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Bulletin 111—One hundred years of coal mining in the San Juan Basin, New Mexico

By H. B. Nickelson, 1988, 226 pp., 63 tables, 220 figs., 1 index.

A compendium of facts, figures, stories, and photographs of the more than 250 coal mines that existed or exist today in the San Juan Basin. This volume contains a wealth of data culled from mine inspectors' reports, USGS coal files, company files, and the author's own investigations over many years. Each chapter deals specifically with a particular mine or prospect; many are located on USGS quadrangle maps, which are reproduced in the book. This book is both a record of the role of coal mining in the territory and the state of New Mexico and an account of the people who worked in and around the mines.

Coal was one of the reasons for the construction of the early railroads in NM, providing in an unusual cycle both fuel to propel the engines and a sizable portion of the freight. Coal from NM provided energy for the two World Wars. It attracted to the state fine, hard-working people of many nationalities whose families are now some of our best citizens. The growth and prosperity of the cities of Raton, Gallup, and Farmington stem partly from nearby coal mines. The coal industry provides a considerable amount of income to the state in the form of taxes and royalties.The statistics in this volume have been compiled from the annual reports of the TMIs and SMIs from USGS coal files. Data concerning fatalities have been excerpted from the TMI and SMI records; the names of the deceased and the dates and causes of death are listed with the mine where the fatalities occurred. Fatality records before 1892 were not found.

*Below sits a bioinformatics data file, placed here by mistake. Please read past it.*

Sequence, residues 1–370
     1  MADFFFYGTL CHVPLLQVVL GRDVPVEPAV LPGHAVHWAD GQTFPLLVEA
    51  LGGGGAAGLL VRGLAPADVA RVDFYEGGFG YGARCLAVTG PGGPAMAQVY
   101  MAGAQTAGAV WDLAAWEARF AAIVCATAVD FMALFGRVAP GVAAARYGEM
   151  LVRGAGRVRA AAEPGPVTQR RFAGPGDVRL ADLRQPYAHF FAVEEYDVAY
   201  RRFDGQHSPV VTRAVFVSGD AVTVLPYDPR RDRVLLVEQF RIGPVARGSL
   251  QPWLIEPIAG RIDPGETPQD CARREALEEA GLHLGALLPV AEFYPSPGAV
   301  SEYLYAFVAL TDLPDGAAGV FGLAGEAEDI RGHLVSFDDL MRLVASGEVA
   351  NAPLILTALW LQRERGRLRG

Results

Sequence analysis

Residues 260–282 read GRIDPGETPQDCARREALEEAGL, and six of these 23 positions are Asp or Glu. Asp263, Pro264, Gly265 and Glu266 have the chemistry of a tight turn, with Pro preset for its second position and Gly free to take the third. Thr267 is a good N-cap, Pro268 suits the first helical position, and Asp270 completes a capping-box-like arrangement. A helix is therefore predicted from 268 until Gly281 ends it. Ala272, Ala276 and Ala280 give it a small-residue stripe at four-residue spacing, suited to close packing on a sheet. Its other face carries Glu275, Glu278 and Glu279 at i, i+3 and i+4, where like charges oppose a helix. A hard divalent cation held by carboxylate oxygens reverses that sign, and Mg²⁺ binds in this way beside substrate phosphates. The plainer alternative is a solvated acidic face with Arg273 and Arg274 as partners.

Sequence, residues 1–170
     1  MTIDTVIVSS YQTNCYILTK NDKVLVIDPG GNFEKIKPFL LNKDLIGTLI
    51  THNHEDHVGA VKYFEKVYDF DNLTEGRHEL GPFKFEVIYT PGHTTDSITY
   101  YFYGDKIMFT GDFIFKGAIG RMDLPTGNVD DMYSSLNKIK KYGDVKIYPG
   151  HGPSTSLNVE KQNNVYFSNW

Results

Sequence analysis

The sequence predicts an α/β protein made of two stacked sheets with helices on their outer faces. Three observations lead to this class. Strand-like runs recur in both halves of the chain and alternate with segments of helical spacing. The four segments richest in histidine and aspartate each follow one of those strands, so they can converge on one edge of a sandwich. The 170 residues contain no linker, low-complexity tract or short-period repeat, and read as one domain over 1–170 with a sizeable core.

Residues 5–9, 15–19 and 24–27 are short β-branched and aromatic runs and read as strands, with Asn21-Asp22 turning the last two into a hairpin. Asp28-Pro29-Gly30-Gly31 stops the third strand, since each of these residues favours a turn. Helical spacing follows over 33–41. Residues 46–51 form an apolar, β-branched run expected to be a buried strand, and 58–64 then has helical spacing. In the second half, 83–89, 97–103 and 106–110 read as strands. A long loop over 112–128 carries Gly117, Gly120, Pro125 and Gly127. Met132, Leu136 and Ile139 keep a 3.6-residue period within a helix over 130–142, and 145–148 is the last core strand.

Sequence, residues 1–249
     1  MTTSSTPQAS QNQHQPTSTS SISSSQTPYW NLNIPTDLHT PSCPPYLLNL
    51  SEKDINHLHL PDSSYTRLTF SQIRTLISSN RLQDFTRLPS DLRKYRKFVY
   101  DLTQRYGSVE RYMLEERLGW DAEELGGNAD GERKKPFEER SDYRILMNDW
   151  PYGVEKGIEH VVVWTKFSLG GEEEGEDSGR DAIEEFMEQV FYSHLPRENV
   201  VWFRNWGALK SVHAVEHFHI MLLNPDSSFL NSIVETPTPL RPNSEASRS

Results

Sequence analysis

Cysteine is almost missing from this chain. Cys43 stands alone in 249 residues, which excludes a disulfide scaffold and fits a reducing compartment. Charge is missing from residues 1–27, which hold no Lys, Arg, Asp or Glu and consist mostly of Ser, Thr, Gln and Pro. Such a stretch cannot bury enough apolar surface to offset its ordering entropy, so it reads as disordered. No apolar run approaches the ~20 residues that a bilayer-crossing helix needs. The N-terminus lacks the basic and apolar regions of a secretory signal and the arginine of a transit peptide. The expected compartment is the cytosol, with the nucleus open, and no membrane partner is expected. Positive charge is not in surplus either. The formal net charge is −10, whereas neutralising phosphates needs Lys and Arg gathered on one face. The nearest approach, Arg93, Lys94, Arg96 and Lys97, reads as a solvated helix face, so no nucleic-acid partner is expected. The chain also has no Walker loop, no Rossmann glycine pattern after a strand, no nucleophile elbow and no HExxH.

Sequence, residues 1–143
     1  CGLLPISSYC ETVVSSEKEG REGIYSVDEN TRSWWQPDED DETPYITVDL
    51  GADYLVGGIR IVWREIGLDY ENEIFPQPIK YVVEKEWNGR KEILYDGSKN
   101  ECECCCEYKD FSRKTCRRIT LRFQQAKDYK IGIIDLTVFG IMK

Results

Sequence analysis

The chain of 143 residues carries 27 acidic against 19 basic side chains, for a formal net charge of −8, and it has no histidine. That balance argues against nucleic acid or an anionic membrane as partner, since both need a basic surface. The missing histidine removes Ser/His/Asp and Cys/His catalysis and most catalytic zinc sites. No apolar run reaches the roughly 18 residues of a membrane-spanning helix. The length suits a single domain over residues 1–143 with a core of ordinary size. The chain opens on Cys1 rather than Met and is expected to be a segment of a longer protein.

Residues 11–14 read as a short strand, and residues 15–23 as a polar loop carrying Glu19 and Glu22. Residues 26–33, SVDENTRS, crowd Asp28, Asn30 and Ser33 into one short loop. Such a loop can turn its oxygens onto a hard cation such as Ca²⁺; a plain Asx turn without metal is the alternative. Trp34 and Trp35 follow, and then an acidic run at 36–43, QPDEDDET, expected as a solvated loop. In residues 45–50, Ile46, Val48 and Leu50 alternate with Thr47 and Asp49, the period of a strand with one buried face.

It was desired that information for each field include location and history, and that each mine location include names of operators, dates of operations, mine maps, production, coal thicknesses, coal analyses, and photographs. Search of the literature has, of course, frequently yielded only small amounts of this information. A brief discussion of the railroads, which were vitally important to the coal industry, has been included in the introduction.

This bulletin was written to record the role that coal played in the history of the territory and state of NM. Until now, there has been no compilation of information on coal mines in NM. Inevitably, as the years go by, more and more data relating to coal mining in NM are lost or destroyed. The author has considered it important to compile and make available, both for the reader and for the record, this history of coal mining in the San Juan Basin. It is dedicated to the memory of the men who were crippled or who lost their lives in and about the coal mines of the state.

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